National Alliance fliers upset some residents
Mar. 16, 2004
Kate Kompas and Sarah Colburn
ReligionNewsBlog.com • Tuesday March 16, 2004
Susan Riley opened her door Monday morning, and what she saw disturbed her.
The four sheets of paper on her front step referred to, among other things, supposed Jewish control of mass media. The fliers were created by an organization called National Alliance.
“You reach for the newspaper and get a bundle of hate,” said Riley, who lives in north St. Cloud. At least one of her neighbors received the papers, too.
St. Cloud human rights director Baba Odukale met with St. Cloud police after Riley contacted him.
Police have received one complaint about another set of fliers, also by National Alliance, Sgt. Jim Feeny said. They contained concerns about white people becoming a minority.
Odukale is investigating how many fliers have circulated. He will talk with city attorneys to see what action could be taken.
“This type of behavior will not be accepted in any way, shape or form,” Odukale said.
National Alliance representatives in the Columbia Heights office could not be reached Monday for comment. Only a recorded message was available.
John Merkle, associate director of the Jay Phillips Center for Jewish-Christian Learning, said he doesn’t often see “hate propaganda.”
“It can damage Jewish-Christian relations because many people may not be able to see these pamphlets are filled with lies,” Merkle said.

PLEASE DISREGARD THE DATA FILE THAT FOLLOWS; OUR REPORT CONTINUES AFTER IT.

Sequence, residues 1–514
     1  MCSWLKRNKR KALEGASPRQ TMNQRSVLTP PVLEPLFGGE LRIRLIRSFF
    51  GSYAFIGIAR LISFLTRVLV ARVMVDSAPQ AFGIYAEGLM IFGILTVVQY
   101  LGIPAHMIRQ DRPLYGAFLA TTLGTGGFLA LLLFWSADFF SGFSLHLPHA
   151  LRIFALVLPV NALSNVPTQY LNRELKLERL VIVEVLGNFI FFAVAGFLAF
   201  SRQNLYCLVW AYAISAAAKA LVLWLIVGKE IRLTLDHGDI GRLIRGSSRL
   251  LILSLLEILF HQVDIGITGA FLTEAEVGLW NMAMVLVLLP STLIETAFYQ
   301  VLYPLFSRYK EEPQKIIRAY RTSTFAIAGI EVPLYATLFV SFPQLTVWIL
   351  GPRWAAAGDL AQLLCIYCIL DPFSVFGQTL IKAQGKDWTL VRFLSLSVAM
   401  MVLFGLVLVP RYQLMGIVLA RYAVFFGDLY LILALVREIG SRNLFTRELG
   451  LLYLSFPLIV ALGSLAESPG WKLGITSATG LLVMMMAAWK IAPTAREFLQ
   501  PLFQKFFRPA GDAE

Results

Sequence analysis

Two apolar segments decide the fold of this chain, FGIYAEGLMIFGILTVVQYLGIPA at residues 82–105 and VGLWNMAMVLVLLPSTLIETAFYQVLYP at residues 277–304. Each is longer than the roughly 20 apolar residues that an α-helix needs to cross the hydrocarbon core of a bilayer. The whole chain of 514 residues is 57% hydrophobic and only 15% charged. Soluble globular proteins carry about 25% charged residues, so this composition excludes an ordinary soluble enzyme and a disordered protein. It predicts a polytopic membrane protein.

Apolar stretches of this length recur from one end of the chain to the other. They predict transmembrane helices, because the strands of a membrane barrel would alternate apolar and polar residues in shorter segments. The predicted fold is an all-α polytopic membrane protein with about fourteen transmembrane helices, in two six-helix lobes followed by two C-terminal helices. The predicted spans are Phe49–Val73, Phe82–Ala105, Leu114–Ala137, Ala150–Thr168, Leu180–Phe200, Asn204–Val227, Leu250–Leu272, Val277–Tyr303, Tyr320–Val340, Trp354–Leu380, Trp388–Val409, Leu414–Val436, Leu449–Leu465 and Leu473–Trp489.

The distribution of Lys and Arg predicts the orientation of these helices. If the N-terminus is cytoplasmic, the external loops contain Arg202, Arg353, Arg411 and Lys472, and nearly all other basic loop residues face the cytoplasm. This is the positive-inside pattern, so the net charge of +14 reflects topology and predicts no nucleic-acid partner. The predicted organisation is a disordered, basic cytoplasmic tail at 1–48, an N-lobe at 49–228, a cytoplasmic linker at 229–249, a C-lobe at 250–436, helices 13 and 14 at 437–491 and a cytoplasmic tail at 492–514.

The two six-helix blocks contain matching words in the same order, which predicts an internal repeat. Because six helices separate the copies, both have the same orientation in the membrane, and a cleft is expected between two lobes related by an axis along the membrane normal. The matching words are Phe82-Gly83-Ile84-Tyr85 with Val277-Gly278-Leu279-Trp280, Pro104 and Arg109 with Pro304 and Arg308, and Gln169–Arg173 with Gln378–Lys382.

Jerry Sales picked the fliers off his south side lawn Monday because he saw the word “missing” and assumed they were about a child. Instead, they referred to the “missing future for white children.”
“I thought, ‘I can’t believe I’m seeing this in St. Cloud, Minnesota,’ but I guess I was too naive,” he said.
One of the fliers on Riley’s door accused “Jewish pressure groups” of trying to censor “The Passion of the Christ.”
Merkle and Joseph Edelheit, director of St. Cloud State University’s Jewish studies program, offered educational forums about the movie.
“Clearly, this film has material, which touches the deepest, the most profound religious experience people can imagine, and at the same time it touches the deepest, most painful gaps in our community,” Edelheit said.
The National Alliance, he said, is taking advantage of people in what he called “their most vulnerable moments.”
Elana Stern, associate director of the Anti Defamation League ‘s Greater Chicago/Upper Midwest regional office, said the National Alliance has been distributing literature since at least February.
One of the fliers on Riley’s doorstep called the League a “dangerous domestic terrorist, extremist group.”
She hopes the St. Cloud area reacts to the National Alliance’s messages.
“It’s an opportunity for a community to come together and condemn this message of hate,” Stern said.
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